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The wrap-up: A meaty cover tale

How a vegetarian ended up holding the beef.

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Every cover tells a story, and this month we give you a behind-the-scenes look at a recent effort: the May 2006 "Too red too long?" cover about the MAP meat controversy.

First a little background to how we produce the covers, which are hopefully as well received as they are conceived and produced. There's certainly a lot of thinking, discussion, and effort that goes into each cover.

Our covers are done by committee, and I mean that in the best sense of the word. The committee is led by a "quarterback" editor who champions the project start to finish. Generally, each editor gets his or her chance to be the quarterback on a rotating basis. For the benefit of the predominately Chicago area staff, two editors with strong Wisconsin ties typically make overt reference to a certain favorite team of theirs whose name has a packaging connotation.

Once the cover concept is hatched, discussed, and finessed into a workable format—and sometimes even before that—the quarterback hands the project off to art director Dave Bacho, who deftly runs with it from there.

Among many of Dave's notable efforts was the January 2005 Biota bottle-made-from-corn cover; I mention that one because Dave ended up tracking down an area feed store to procure 10 lbs of maize, or corn, that helped serve as the backdrop. That had turned out to be little more difficult than expected, even here in Illinois. Other cover prop searches have included checking local stores for a trunk that could be used as a treasure chest (our March 2004 FPA cover).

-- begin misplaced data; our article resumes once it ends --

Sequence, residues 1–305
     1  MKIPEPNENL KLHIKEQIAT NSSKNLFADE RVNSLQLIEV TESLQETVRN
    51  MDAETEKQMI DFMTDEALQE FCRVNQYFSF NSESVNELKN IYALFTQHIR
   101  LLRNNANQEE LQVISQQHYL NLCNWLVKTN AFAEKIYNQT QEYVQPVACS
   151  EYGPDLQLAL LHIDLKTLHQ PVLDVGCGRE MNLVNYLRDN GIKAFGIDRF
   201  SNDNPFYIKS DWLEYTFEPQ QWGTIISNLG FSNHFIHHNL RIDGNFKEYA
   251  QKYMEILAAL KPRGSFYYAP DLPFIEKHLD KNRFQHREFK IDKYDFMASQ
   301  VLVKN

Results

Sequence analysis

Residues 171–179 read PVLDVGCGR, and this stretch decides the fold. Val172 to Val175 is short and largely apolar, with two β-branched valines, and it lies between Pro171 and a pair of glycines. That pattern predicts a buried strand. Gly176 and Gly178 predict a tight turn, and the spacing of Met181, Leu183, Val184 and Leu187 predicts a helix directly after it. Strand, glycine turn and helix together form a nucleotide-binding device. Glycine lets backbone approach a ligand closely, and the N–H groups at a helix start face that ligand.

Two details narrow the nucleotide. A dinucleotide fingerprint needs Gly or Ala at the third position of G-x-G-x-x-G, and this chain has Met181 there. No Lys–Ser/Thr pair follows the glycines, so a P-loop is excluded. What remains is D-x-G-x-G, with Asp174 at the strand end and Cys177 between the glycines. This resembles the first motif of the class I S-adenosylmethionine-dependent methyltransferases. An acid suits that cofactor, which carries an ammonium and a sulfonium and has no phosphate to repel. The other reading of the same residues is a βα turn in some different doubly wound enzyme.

Which brings us back to the May cover that showed a person holding a sealed case-ready tray of ground beef. The photographer did such a great job with lighting that the meat packaging appears so clear that it's as if there's no film sealing the tray, though some credit must be given the anti-fog film. The hands holding the package belong to our very own assistant art director Jen Babiarz, who is a vegetarian. How did a vegetarian end up on our cover holding a tray of fresh meat? Jen responds in her own words in the following Q&A.

Why were you selected?

I’d like to think I was chosen for my stunning good looks, but since my head was cropped out of the photo, I would guess I was selected because I was the cheapest model available—I'm free.

How was the experience?

It was fun. I pretty much had to stand really still and hold the same position. So, it wasn’t too challenging. But I got to help pick out some of the background props, that was kind of neat.

Had you ever done anything like this before?

No, I was pretty much a nobody until I was featured on the cover. Raw talent, I guess you could say.

Considering the ground beef, raw is an appropriate choice of words. Did anyone know you were vegetarian before they asked you to do this?

They sure did. I think that’s part of the reason I got asked. What could be more amusing than having the only vegetarian in the office having to pose with meat for the cover?

Was it uncomfortable to get so close to raw meat?

It was no big deal, really. As long as I didn’t have to take a bite out of a hamburger, I was okay.

What kind of feedback did you receive from family or friends?

My parents and friends thought it was great. They all wanted copies of the magazine.

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